In the programs that are listed in the "Applies To" section, when you click a menu or point to a submenu, the menu may not appear, may be unavailable, or the commands on the menu may not appear or respond.
To resolve this problem, use either of the following methods, as appropriate.
Method 1: Test for a damaged settings file
To test for a damaged settings file, follow these steps:
- Quit all Microsoft Office for Mac programs that are open.
- Open one of the following folders, depending on the version of Office for Mac that you are using:
- For Microsoft Office 2004 for Mac or for Microsoft Office X for Mac, open /HD/Users/User/Library/Preferences/
- For Microsoft Office 2001 for Macintosh, open HD:System Folder:Preferences
- Locate the Microsoft folder, and then drag it to the desktop.
- Start the application that is having the problem, and then test for the problem. If the application in question is still having the problem, you can safely assume that the preferences that are stored in the Microsoft folder are not the cause of the problem. If this is the case, go to step 5.
If the problem is corrected at this point, go directly to the Note at the end of this procedure.
- Replace the Microsoft folder. To do this, follow these steps:
- Quit all Office for Mac programs that are open.
- Locate the Microsoft folder on the desktop.
- In a Finder window, arrange the window so that the Preferences folder is visible. Make sure that the window does not cover the Microsoft folder on the desktop.
- Drag the Microsoft folder from the desktop and drop it onto the closed Preferences folder in the Finder window.
- Click OK when you are prompted to confirm replacement of the Microsoft folder.
The rest of this information assumes that step 4 in the previous procedure revealed that a file in the Microsoft folder is causing the problem.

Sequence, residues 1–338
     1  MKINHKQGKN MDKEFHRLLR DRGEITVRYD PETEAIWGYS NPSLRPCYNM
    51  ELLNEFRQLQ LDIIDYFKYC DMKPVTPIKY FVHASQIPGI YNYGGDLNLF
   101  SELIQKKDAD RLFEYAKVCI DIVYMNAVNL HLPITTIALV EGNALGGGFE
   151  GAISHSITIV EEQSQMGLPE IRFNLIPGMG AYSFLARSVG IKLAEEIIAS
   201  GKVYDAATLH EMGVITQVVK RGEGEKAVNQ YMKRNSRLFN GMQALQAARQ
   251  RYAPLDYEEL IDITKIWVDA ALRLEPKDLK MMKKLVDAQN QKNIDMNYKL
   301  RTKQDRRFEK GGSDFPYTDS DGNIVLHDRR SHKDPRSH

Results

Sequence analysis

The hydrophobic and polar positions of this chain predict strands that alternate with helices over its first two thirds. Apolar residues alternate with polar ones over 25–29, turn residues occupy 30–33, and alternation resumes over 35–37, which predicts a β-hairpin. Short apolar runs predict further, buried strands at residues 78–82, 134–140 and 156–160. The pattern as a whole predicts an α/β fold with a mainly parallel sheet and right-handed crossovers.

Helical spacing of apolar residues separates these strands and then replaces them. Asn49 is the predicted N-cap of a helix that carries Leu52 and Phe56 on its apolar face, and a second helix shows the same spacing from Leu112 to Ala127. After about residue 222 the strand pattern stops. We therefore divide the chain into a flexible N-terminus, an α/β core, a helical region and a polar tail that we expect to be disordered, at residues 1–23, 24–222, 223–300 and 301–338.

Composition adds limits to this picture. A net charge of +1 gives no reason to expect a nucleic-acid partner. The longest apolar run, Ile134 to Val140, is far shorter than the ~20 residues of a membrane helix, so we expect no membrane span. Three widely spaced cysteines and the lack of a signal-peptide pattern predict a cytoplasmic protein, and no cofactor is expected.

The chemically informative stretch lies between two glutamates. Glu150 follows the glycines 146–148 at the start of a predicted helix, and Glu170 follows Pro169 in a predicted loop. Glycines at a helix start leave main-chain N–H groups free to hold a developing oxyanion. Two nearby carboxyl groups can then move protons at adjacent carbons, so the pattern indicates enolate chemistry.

If you are not concerned about saving any preference choices that were made in the Office applications, you could consider the problem to be solved at this point. If this is the case, drag the desktop/Microsoft folder to the Recycle Bin
However, if you want to recover as much of your Office for Mac customization choices as possible, you have to determine which particular file in the Microsoft folder is causing the problem. You do this by using the process of elimination. To determine which file in the Microsoft folder is causing the problem, follow these steps:
- On a piece of scratch paper, write down the list of files that are contained in the desktop/Microsoft folder.
- Draw a horizontal line in the middle of the list.
- Drag the files that are listed in the top half of the list into the /System Folder/Preferences/Microsoft/ folder. Let these files overwrite the files that have the same names in the folder.
- Test for the problem. If the problem is back, one of the files in the top half of the list is the file that is damaged and is causing the problem. If the problem remains fixed, one of the files in the bottom half of the list is the file that is damaged and is causing the problem.
- Draw a diagonal line through the half of the list that has been eliminated in step 4.